Overwatering Is Out

Keep water in the yard, not the sidewalk.

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How can we help you reduce overwatering?

The title is not intended as rhetorical. Stopping overwatering is a great mixture of really simple (use an automatic shut off nozzle!) and really big (remove your turf grass) actions that, when done community wide, have a tremendous impact. Fortunately, there are a lot of medium actions in between like using a watering index or installing a rain barrel.

But even if it seems like there is something for everybody, maybe we haven’t hit that right tip for you. We’re eager to learn how we can better help all of the residents of Orange County stop overwatering and start finding sustainable solutions to beautify your outdoors while protecting the environment.

Share your thought in the comments below and we’ll pull together our team of experts to see how we can help you tackle your watering woes to make sure overwatering is out.

Share your comments with us


  1. Jan Shomaker Says:

    April 30th, 2015 at 3:58 pm

    Encourage people to build courtyards in the front of their home . My husband and I call this the new front porch. It helps in engaging neighbors as they walk down the street if you happen to be in front. It also gives you a front and back patio to “follow the sun” or enjoy the shade. The rest of the yard can be drought tolerant. Also, depending on the choice of bushes ( privets, cape honeysuckle,etc) brings the honeybees, butterflies and hummingbirds. We also hang bird feeders in other areas of our backyard… We are mesmerized by the habits of wildlife

  2. James King Says:

    April 30th, 2015 at 5:08 pm

    Publish a list of good vendors that do turf removal (hopefully-La Habra businesses).
    Provide a listing of any State, County and/or City financial incentives to convert to a more drought friendly environment.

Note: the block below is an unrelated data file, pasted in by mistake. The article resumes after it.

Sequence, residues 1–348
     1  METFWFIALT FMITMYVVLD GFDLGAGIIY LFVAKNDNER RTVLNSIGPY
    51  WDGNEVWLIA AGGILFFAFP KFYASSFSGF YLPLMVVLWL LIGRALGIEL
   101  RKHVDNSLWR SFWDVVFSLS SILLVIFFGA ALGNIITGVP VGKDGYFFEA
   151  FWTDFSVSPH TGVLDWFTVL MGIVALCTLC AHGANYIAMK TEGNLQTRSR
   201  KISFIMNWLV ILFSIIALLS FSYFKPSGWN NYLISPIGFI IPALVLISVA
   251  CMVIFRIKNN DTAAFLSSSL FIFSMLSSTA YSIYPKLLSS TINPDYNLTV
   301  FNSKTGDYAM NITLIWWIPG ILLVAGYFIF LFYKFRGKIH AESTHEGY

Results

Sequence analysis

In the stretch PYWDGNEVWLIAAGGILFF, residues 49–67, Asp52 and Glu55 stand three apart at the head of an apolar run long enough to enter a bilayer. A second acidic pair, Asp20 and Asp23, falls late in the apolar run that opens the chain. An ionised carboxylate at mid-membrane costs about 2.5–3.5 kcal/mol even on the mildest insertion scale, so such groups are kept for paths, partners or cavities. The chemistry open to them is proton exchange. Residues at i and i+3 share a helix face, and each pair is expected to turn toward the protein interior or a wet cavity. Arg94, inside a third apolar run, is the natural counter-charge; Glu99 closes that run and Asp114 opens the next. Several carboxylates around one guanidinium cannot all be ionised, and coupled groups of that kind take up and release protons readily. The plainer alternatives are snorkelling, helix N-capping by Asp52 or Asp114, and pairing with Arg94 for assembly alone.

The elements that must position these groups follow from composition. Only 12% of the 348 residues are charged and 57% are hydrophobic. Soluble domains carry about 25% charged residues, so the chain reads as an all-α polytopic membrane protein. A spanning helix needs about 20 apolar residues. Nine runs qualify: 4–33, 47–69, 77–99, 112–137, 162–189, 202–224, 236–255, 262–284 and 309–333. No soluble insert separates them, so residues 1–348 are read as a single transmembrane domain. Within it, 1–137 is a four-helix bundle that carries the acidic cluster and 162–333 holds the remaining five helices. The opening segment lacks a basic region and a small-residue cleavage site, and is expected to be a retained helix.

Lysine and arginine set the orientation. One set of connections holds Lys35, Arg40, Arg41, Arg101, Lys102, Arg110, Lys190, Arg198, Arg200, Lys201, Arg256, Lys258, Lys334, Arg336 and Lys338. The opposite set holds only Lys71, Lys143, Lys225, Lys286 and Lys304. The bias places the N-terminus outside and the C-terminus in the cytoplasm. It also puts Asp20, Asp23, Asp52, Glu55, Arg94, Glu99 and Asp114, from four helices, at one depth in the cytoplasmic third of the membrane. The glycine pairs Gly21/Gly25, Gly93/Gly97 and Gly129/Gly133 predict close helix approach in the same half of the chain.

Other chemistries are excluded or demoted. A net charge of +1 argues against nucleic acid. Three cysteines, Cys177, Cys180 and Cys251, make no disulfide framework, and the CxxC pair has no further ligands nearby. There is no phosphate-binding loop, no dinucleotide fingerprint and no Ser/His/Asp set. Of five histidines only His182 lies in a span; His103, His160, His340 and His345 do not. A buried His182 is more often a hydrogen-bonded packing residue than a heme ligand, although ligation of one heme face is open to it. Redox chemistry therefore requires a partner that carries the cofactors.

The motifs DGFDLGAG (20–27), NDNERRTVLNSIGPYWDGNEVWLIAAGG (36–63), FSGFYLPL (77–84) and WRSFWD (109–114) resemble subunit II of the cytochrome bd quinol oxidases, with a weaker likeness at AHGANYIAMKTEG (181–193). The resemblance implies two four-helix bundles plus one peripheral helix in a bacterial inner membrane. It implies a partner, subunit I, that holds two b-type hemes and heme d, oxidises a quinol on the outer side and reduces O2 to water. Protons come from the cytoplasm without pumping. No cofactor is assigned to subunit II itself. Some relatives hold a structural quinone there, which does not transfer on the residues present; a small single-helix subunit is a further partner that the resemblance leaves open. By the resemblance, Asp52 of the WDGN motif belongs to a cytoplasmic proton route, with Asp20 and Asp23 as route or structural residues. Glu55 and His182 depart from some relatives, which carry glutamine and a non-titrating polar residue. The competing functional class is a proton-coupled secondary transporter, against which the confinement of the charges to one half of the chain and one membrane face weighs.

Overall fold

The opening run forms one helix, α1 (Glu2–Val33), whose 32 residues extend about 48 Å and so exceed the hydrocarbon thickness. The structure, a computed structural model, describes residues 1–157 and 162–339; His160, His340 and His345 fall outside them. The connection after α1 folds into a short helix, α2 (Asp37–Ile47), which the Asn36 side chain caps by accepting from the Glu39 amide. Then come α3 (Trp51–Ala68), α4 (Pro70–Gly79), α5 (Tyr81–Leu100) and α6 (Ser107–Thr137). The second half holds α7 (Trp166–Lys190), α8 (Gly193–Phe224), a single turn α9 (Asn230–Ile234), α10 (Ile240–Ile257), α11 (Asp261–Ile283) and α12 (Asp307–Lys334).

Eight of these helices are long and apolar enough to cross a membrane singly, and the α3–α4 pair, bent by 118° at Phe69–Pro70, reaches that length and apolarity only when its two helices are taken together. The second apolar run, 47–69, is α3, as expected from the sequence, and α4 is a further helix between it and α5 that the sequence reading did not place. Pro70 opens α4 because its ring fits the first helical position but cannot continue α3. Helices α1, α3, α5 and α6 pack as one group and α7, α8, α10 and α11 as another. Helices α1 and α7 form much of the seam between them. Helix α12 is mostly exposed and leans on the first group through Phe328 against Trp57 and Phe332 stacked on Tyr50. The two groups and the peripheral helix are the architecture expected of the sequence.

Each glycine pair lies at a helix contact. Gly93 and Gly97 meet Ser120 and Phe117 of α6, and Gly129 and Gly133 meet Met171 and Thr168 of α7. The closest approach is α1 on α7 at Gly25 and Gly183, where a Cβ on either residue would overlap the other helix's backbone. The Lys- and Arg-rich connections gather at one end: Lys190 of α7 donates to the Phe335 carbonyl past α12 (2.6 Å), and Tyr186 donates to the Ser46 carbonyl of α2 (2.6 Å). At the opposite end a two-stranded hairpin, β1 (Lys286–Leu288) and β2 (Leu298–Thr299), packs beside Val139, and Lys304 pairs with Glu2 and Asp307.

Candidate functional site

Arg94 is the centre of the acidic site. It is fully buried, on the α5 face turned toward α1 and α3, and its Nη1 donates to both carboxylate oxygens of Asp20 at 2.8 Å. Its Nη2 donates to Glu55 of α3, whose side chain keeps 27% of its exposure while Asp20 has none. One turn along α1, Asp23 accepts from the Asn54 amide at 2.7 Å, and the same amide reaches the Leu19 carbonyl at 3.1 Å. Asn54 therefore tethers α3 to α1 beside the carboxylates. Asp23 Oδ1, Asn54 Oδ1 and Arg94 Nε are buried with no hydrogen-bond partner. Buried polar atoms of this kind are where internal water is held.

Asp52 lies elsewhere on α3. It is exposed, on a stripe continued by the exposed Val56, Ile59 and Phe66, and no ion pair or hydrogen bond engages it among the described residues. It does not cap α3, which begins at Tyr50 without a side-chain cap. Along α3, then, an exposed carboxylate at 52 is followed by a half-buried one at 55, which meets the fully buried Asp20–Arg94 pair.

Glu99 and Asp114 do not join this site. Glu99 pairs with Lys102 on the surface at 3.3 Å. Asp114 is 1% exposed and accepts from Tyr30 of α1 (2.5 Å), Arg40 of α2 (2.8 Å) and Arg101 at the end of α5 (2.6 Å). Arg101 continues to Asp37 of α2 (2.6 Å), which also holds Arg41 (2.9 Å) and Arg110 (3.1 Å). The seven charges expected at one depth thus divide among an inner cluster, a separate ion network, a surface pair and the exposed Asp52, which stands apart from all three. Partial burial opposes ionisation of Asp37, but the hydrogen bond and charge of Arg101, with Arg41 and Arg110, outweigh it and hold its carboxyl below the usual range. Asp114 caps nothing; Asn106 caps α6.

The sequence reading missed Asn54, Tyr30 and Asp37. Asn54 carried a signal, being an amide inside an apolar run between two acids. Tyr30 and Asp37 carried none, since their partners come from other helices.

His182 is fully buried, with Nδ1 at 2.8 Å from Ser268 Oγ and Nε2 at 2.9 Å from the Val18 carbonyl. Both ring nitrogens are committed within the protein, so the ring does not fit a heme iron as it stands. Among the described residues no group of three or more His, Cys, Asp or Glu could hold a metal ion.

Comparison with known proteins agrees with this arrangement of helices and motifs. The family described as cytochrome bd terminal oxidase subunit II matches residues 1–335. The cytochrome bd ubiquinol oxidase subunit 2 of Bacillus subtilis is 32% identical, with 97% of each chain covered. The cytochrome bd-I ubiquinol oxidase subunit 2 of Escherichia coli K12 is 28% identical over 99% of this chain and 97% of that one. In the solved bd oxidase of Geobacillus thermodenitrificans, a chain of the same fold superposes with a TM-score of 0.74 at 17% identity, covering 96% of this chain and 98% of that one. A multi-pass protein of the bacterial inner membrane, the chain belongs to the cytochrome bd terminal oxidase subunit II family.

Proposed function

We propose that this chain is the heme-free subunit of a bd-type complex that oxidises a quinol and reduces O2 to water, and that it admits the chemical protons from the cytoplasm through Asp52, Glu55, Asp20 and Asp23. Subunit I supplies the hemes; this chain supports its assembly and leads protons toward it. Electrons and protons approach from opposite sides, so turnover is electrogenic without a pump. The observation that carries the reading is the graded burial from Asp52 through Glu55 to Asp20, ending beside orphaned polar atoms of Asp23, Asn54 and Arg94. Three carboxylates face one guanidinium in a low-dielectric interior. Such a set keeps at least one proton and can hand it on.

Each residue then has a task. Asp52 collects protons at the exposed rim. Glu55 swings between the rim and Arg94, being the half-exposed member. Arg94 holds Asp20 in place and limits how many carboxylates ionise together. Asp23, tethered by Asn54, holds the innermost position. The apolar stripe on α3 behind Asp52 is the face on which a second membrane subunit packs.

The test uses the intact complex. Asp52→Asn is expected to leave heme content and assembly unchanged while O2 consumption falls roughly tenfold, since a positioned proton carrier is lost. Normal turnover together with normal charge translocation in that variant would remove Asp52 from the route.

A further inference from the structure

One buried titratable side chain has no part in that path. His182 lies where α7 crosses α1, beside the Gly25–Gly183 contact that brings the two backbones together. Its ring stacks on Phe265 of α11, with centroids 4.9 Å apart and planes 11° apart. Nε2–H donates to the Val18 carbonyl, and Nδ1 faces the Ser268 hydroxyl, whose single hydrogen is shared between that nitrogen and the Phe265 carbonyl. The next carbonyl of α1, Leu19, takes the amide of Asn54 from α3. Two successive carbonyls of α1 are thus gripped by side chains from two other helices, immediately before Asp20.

Provide a list of drought resistant plants.
    Penalize those businesses and residents who have not reduced their water consumption by 25%.
    Reduce the city’s water consumption by 25%. Set the example for everybody.
    Provide funding/rebates for drought friendly improvements/transitions. It would also help keeping La Habra beautiful.

  3. Overwatering Is Out Says:

    April 30th, 2015 at 5:40 pm

    That sounds wonderful! Could we see a photo? If so, please send it to me at We’d love to include it in a photo contest we’ll be having later this year…

    Thanks for the comment,
    – Gnorman

  4. Overwatering Is Out Says:

    April 30th, 2015 at 5:44 pm

    Great ideas. We’re doing 4 of the 6 items on your list. For incentives and rebates, check out the Rebates section of the site. For a list of drought resistant plants, pop over to the OC Garden Friendly page. As for getting neighbors to set good examples, we’re hoping the #GnormanApproved yard signs ( are letting people do just that.

    As for penalizing folks, unfortunately that isn’t within our power directly, but we’ll pass the message along. And for good vendors that do turf removal, later in the year we’re planning a contest where different vendors can showcase their work.

    Great suggestions!!! Thanks for putting thought to this, and definitely stay in touch. Thanks for being part of the movement.

    – Gnorman

  5. Lisa Says:

    May 15th, 2015 at 11:49 am

    Perhaps the City of Tustin should follow it’s own rules. Yesterday, May 14, while it was *raining*, the city was watering grass medians in the afternoon, *before 6 p.m.* on Irvine Blvd. and Prospect.

  6. Overwatering Is Out Says:

    May 22nd, 2015 at 10:35 am

    @Lisa, from Tustin’s Dept of Public Works’ Environmental Compliance Specialist:

    I checked with our field services. They were notified about this issue and went out the next day (15th). Our guy found that the clock was in the off position. He couldn’t find a reason for the malfunction so he turned it off at the backflow to ensure that there was not a reoccurrence.
    Please let the resident know they can always contact the City as well if they see overwatering at 714.573.3350